I live in England and first visited America in 1978; not long after cheap transatlantic flights became available for the first time.
Until that point the bulk of my knowledge of the USA came from Hollywood, or the myriad American televisions shows that came our way from early childhood. The TV shows, especially, supplied a kind of shared experience that some parts of the rest of the world have with Americans. In some respects I suppose we felt that we knew America.
When the opportunity came to finally go there I knew that once I was home again there would be lots of questions from family and friends. People would want to know what it was really like: What did I see? Where did I go? Who did I meet and so on? From the moment I arrived I was on the look-out for impressions to take back.
The odd thing was that initially there were none. Or rather there were impressions, but they were mainly that America was a lot like it was on TV. New York looked like New York, the people had American accents and they really did say ‘Have a nice day’.
I began to think that I was going to return to England without any anecdotes or news to swap over a pint in the pub. We will leave the best anecdotes for another day and concentrate instead on the two things that I noticed that never came across on TV – at least not back then.
Firstly, the highly formatted and slick television shows mainly showed attractive and wealthy people in salubrious surroundings. Yet in more than one city in America I found myself in ghetto areas; places you wouldn’t want to be. The poverty and squalor were obvious and back then I felt that it was somewhat under-reported.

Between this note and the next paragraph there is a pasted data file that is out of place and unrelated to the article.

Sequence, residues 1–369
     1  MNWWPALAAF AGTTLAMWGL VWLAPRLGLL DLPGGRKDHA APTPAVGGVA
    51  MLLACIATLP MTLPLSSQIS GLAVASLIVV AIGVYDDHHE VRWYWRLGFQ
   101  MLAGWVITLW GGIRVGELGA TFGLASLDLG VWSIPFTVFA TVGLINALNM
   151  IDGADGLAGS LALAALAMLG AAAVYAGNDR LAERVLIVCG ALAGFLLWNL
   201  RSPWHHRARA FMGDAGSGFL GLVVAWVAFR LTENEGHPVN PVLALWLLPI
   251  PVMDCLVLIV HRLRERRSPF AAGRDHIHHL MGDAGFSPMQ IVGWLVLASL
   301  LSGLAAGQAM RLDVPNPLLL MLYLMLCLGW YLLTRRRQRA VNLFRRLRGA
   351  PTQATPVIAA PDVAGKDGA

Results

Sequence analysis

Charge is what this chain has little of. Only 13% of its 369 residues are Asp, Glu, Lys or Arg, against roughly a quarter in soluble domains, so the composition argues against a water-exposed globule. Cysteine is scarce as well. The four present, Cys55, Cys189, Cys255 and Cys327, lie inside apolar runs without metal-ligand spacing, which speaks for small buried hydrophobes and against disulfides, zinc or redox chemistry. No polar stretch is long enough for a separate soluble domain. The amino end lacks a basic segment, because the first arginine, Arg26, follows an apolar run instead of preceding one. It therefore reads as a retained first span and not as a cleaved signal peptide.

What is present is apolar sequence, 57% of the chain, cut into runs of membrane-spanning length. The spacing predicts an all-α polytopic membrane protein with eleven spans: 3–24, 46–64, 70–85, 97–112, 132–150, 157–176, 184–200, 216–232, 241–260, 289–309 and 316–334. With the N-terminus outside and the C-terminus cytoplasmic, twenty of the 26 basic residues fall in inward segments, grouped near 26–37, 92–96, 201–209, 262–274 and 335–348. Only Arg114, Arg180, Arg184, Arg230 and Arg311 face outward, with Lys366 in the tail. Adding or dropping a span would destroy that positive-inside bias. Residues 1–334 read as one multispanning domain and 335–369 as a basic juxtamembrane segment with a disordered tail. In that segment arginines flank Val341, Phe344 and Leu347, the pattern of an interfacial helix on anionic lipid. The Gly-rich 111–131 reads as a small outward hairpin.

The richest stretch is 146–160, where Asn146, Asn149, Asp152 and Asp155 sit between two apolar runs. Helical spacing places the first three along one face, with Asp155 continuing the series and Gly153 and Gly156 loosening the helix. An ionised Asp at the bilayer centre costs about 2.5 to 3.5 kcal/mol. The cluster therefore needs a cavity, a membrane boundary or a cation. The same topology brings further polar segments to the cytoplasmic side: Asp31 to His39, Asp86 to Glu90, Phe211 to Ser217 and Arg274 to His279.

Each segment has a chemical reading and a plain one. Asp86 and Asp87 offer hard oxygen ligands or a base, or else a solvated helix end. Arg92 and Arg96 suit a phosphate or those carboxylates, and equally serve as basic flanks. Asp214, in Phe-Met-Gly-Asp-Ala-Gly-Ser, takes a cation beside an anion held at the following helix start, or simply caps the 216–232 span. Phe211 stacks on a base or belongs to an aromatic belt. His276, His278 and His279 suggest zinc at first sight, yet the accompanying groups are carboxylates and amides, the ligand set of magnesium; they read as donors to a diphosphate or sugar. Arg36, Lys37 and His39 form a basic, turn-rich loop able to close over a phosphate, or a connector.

The second revelation was the obesity problem. I had never before seen so many fat people in one place. In fact, that was my main takeaway from my whole American vacation,’ Hey everybody, you won’t believe how fat Americans are!’
That was 1978. Just a few years later, around 1984, my company sent me to Aarhus in Denmark, a sea port where the diet seemed to be centred around fish, particularly herring, as I recall.
On that occasion I wasn’t particularly anxious to go home and supply reports on the state of Denmark, but nevertheless, I was left with one overriding impression of my visit: the Danes were very slim compared to the British.
It was then that I put two and two together and realised that we (the Brits) were trailing along on American coattails, yet again. We were definitely becoming obese and the trend started a little while after it happened to America, sometime in the 1970s.
Since that time I have learned that the trigger was the usage of High Fructose Corn Syrup that began in America around 1970 and went on a strong upward curve thereafter, though dipping a little since 2000.
Aside from the hideous HFCS, food manufacturers have for a long time been adding sugar to absolutely everything that comes in a can or a packet. Check the labels of just about anything -even weight loss foods – and you will see that sugar is added. Given that Western society is hopelessly reliant on convenience foods this pretty much amounts poisoning the population.
Reuters recently reported that health related issues are costing America around $200 billion per year and researchers at Lehigh University in Pennsylvania say that obese men will generate around $1,500 medical costs per person per year and overweight women with cost double that amount.
In the 1960s around 13% of the American adult population were obese; today it’s over 35%.
Just how much sugar are Americans loading up with? From all sources it’s around 45 tsp per day per person, or around 152 lbs of sugar per year. That’s about 150 lb more than an early America settler would have consumed.
Clearly, this amounts to a major international scandal. Sugar is tasty and addictive. The food manufacturers well understand the problem that they have created, but left to their own devices they will do nothing about it.
Although some government officials in various countries may whinge and whine on the matter from the margins, there is nothing very positive or constructive being done anywhere.
For the time being if you want to live as healthily as possible, for as long as possible, you will have to take responsibility for your own health and your family’s, otherwise at some point in your lives there will in all probability be consequences.